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The 1923 Morgan Horse Club Award Medal



I have finally completed all the write-ups for The Coins and Medals of Laura Gardin Fraser. This medal was the last write-up for me to complete. Next year I'll have more medals waiting in the wing to add to this set including the 1912 National Institute of Social Sciences medal and the scarce 1930 Endecott Massachusetts Bay Tercentenary medal.

As a young girl, Laura Gardin had always enjoyed her family's summer home in New Jersey where she especially enjoyed riding her horse. It was here that she developed her lifelong love of animals. As a result, it is not unreasonable to speculate that her passion for animals significantly contributed to her skill at sculpting animals and especially horses. [1]

In 1923 Laura Gardin Fraser had two significant commissions for medals involving horses. The first was the "Horse Association of America Polo Pony Medal". To more accurately sculpt the clay model for this medal, Mrs. Fraser borrowed some polo mallets from the Horse Association of America. Mallet in hand, Mrs. Fraser would practice striking the balls while on her horse at full gallop in a vacant lot adjacent to her Westport, Connecticut home. This in turn gave her a better feel for the polo rider and his mount. Subsequently, it wasn't too long before the neighbors took notice and pick-up polo matches were in full swing! [2]

Her other work in 1923 was "The Morgan Horse Club" medal. There are two uniface versions of this medal. The obverse uniface medal features a single left facing Morgan horse against a mountainous backdrop and the phrase, "The Morgan Horse Club" around the upper rim. The reverse uniface medal features a touching scene of a Morgan mare with her foal and the word "Vermont" as its legend. The state of Vermont is significant in that it was here that the Morgan horse pedigree originated. Beside the two uniface issues, there is a single medal that features the devices of both uniface medals. Later "The Morgan Horse Club" changed their name to "American Morgan Horse Association". In 1972 they re-issued the medal but removed the word club from the obverse legend to reflect this change.

The medal I have pictured as the reverse is an uncertified silver plated "obverse uniface" of the re-issued medal. The reverse of this re-struck medal has the initials "AMHA" engraved on it which stands for the "American Morgan Horse Association". Saddle Seat represents a type of riding style that accentuates the horses trot. The date is 1974. The MS-64 certified medal pictured as the obverse is probably one of the original 1923 medals and was most definitely minted earlier than 1972. Furthermore, this medal has both the left facing Morgan horse obverse and the mare and foal reverse.

The founding sire of the Morgan horse pedigree was born in 1789 with the given name "Figure". The horses owner was Justin Morgan who was a teacher, composer, businessman, and horseman. Figure was an especially prized horse because of his natural ability to pass on his distinguishing characteristics through several generations. Figure died in 1821, the result of an untreated kick from another horse. The Morgan horse is particular known for its use by the military as a calvary and artillery horse during the civil war. The Morgan horse is also especially well suited to pull a carriage. Morgan horses as a breed are especially attached to their owners. The American Morgan Horse Association has as a motto on their webpage header, "The Horse That Chooses You". [3] [4]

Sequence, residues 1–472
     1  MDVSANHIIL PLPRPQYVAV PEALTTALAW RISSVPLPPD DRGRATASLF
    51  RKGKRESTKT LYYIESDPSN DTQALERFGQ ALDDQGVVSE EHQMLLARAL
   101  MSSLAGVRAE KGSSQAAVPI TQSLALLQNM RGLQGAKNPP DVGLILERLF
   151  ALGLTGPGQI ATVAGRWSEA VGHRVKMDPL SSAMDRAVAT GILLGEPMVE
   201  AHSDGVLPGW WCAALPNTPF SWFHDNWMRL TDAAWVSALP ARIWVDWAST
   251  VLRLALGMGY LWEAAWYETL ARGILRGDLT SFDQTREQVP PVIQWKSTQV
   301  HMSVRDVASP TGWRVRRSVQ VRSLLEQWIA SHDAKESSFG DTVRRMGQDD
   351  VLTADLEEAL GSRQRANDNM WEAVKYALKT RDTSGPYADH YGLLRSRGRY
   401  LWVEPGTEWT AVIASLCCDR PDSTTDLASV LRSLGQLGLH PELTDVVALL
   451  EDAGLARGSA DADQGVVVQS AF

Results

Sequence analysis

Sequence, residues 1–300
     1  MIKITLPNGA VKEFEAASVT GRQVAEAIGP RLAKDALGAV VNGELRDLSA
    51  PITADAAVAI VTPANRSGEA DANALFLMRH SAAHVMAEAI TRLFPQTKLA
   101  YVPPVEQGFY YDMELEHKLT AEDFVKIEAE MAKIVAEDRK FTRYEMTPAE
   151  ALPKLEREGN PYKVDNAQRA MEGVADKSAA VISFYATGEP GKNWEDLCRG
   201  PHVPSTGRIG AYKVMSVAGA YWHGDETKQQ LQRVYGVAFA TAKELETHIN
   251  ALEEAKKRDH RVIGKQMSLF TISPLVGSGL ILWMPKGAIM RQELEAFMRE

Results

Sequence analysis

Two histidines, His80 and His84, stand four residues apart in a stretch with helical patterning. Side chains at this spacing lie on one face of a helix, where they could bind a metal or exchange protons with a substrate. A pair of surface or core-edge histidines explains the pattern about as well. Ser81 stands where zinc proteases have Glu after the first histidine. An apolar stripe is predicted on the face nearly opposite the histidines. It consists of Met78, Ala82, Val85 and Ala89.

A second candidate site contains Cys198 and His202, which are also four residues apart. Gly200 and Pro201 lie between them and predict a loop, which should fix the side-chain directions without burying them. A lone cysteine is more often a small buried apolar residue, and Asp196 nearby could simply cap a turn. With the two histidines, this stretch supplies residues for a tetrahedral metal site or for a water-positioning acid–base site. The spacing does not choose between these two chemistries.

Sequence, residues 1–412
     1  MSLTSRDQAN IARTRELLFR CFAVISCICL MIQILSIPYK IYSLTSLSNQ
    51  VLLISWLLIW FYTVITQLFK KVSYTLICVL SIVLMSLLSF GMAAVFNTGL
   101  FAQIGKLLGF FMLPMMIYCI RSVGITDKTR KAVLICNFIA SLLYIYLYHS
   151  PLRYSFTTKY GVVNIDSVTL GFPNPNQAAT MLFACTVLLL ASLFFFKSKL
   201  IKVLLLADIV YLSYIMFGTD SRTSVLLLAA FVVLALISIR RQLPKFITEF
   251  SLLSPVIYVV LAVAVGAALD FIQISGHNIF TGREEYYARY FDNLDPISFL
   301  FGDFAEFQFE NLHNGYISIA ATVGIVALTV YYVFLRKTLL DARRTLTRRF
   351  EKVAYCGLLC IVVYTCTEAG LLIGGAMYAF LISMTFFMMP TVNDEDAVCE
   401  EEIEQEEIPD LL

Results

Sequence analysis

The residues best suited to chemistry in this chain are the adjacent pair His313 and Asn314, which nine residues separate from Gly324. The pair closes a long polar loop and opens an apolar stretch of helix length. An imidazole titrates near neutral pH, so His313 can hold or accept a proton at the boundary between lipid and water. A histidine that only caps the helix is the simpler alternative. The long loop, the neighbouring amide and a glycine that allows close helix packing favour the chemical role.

Laura Gardin Fraser's early works with horse themed medals helped to prepare her for what some call her greatest work. In 1936 Mrs. Fraser won a $100,000 commission to sculpt a double equestrian sculpture of Civil War Generals Lee and Jackson. This project would take 12 years to complete culminating with the statues' dedication at Wyman Park in Baltimore on May 1, 1948.

In an interview with Dean Krakel, Laura Gardin Fraser recalls, "Hard work, horses, research, and imagination went into the statues, and twelve years of my life. A sculptor's life is measured in large chunks of time. A statue like the Lee and Jackson becomes a part of you. It's like raising a child. Of course Jimmy and I carried on other projects at the same time. If a project wasn't literally big and big in importance, then it wasn't really worth the while. Of the one hundred thousand dollars I received for Lee and Jackson, I might have netted fifteen thousand dollars. The architecture alone cost fifty thousand dollars. Then there was the casting and shipping cost. Of course, there is no satisfaction quite like that of a beautifully complete and acceptable creation. Jimmy liked my Lee and Jackson--that was enough."

An art critic for the Bridgeport Connecticut Evening News paid Laura Gardin Fraser quite a compliment when based on the strength of her horses, he compared her to famous French animal artist, Rosa Bonheur, calling Mrs. Fraser the "Rosa Bonheur of Sculpture". [5]

1 End of the Trail, the Odyssey of a Statue" by Dean Krakel pg. 32

2 "The Numismatist" July 2013; "Canine & Equine The Art of Laura Gardin Fraser" by Carl Stang

3 Origin of the Morgan Horse; http://www.morganhorse.com/about_morgan/history/

4 The Morgan Horse-Profiles in History: Introduction; http://www.morganhorse.com/museum/morgan-horse-history/the-morgan-horse-profiles-in-his/

5 "End of the Trail, the Odyssey of a Statue" by Dean Krakel pg. 37-38



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